United States District Court, District of Columbia
P. Mehta United States District Judge
Toussaint Kirkland, proceeding pro se, seeks a Writ of Habeas
Corpus pursuant to 28 U.S.C. § 2254. Petitioner contends
that he was denied his Sixth Amendment right to effective
assistance of counsel on appeal of his conviction to the D.C.
Court of Appeals. The court need not reach the merits of
Petitioner's claim, however, because the Petition is
untimely. Accordingly, the Petition is dismissed.
25, 2011, a grand jury indicted Petitioner on felony charges
of aggravated assault while armed, assault with a dangerous
weapon, and assault with significant bodily injury. United
States' Opp'n to Def.'s Pet. under 28 U.S.C.
§ 2254 for Writ of Habeas Corpus, ECF No. 15
[hereinafter U.S. Opp'n], at 2; U.S. Opp'n, Ex. A,
D.C. Superior Ct. Order [hereinafter D.C. Sup. Ct. Order], at
6. The charges arose out of an incident in which Petitioner
was accused of grabbing a woman who approached him while he
sat inside a car, punching her in the face, dragging her as
he drove for a short distance, and then releasing and running
over her. U.S. Opp'n, Ex. B, D.C. Court of Appeals Mem.
Op. & J. [hereinafter DCCA Mem. Op. & J.], at 1.
Petitioner proceeded to trial in D.C. Superior Court, but on
October 19, 2011, the very first day of the proceedings,
Petitioner absconded before the start of jury selection. D.C.
Sup. Ct. Order at 8. More than a year later, on October 26,
2012, after his re-arrest, Petitioner pleaded guilty to
Aggravated Assault While Armed and a felony Bail Reform Act
violation. Id. at 9.
thereafter attempted to undo his conviction. On October 9,
2013-almost a year after his plea but before
sentencing-Petitioner filed a “Motion to Obligate the
Government to Re-Extend Prior Plea Offer Due to Ineffective
Assistance of Counsel in Connection with Plea-Bargaining
Process and Motion to Withdraw Guilty Plea.”
Id. at 1. In that motion, Petitioner claimed that he
had received ineffective assistance of counsel because his
trial attorney had failed to adequately apprise him of the
terms and conditions of the government's pre- and
post-indictment plea offers. Id. The trial court
held a hearing on Petitioner's ineffectiveness claim, but
ultimately rejected it. See generally D.C. Sup. Ct.
Order. The court sentenced Petitioner to 156 months of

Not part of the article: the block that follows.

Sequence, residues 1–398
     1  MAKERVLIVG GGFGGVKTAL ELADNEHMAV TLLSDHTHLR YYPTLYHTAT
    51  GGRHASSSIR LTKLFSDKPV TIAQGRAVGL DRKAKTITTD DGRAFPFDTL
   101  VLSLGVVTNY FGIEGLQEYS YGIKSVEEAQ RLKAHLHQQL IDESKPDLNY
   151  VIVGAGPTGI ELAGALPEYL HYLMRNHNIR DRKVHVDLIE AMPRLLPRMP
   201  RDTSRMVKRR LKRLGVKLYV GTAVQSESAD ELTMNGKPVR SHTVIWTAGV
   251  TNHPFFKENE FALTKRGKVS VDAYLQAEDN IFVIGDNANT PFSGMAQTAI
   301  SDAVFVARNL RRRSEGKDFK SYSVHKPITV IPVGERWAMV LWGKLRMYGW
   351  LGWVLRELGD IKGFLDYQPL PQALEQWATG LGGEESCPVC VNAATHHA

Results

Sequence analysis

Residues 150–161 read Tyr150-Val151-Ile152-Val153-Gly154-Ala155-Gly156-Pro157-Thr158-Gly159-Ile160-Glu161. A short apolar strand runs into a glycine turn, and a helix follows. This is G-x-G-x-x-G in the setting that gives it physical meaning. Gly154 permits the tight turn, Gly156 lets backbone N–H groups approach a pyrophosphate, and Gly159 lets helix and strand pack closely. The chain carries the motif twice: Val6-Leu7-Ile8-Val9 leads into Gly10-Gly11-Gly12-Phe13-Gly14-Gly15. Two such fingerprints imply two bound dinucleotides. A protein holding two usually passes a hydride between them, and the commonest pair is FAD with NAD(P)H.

incarceration on the Aggravated Assault While Armed charge
and an additional 24-month consecutive sentence on the Bail
Reform Act violation. DCCA Mem. Op. & J. at 2.
then filed a timely appeal on June 2, 2014. U.S. Opp'n at
3. The D.C. Court of Appeals affirmed the trial court's
denial of Petitioner's ineffectiveness claim on July 23,
2015. See DCCA Mem. Op. & J. at 8. Petitioner
then filed for a writ of certiorari to appeal his claim to
the U.S. Supreme Court, which the Court denied on January 19,
2016. See Kirkland v. United States, 136 S.Ct. 918
efforts did not end at the Supreme Court. On March 22, 2017,
Petitioner filed a motion to recall the mandate with the D.C.
Court of Appeals, the procedural device used in the District
of Columbia courts to challenge the effectiveness of
appellate counsel. U.S. Opp'n at 4; U.S. Opp'n, Ex.
D, D.C. Court of Appeals Order. Petitioner asserted that
“appellate counsel provided ineffective assistance by
failing to note facts that would illustrate plea counsel did
not communicate a pre-indictment plea.” Id. at
1. The D.C. Court of Appeals denied the motion on August 29,
2017, finding that the record did not support
Petitioner's claim. Id. at 1-2.
then proceeded to federal court. On October 24, 2017,
Petitioner initially filed the instant Petition under 28
U.S.C. § 2254 in the U.S. District Court for the Middle
District of Pennsylvania. See Pet. under 28 U.S.C.
§ 2254 for Writ of Habeas Corpus by Person in State
Custody, ECF No. 1 [hereinafter Pet.], Mem. of Arg. in Supp.
of 28 U.S.C. § 2254 Mot., ECF No. 1-1 [hereinafter
Pet.'s Mem.], at 1-2. The Middle District of Pennsylvania
transferred the Petition to this court on December 5, 2017.
See Docket Entry, ECF No. 7.
Petition asserted two grounds for relief: (1) “[t]rial
counsel was ineffective in failing to relay [a] favorable
plea offer, ” and (2) “[a]ppellate counsel was
ineffective in failing to highlight facts weighing in
Petitioner's favor, and failing to argue that his plea
was involuntary.” Pet.'s Mem. at 2. After the
United States responded to the Petition, see
generally U.S. Opp'n, Petitioner withdrew his
ineffective assistance of trial counsel claim, acknowledging
that “a D.C. Superior Court prisoner may not raise any
claim in a § 2254 petition except ineffective assistance
of appellate counsel.” Pet.'s Reply to
Gov't's Opp'n, ECF No. 17 [hereinafter Pet.'s
Reply], at 1. Thus, all that remains of the Petition is the
claim of ineffective assistance of appellate
courts are authorized to issue a writ of habeas corpus
“[o]n behalf of a person in custody pursuant to the
judgment of a State court . . . on the ground that he is in
custody in violation of the Constitution or laws or treaties
of the United States.” 28 U.S.C. § 2254(a). While
the D.C. Superior Court is considered a “State
court” for purposes of section 2254, see Head v.
Wilson, 792 F.3d 102, 106 n.3 (D.C. Cir. 2015), federal
habeas review of D.C. Code offenders' convictions is
quite circumscribed. Such review is limited because D.C. Code
§ 23-110 “gives the [S]uperior [C]ourt exclusive
jurisdiction of virtually all collateral challenges.”
Head, 792 F.3d at 104. The D.C. Circuit, however,
has recognized an exception to this general bar on habeas
review for the type of claim raised in this case: ineffective
assistance of appellate counsel. See Id. at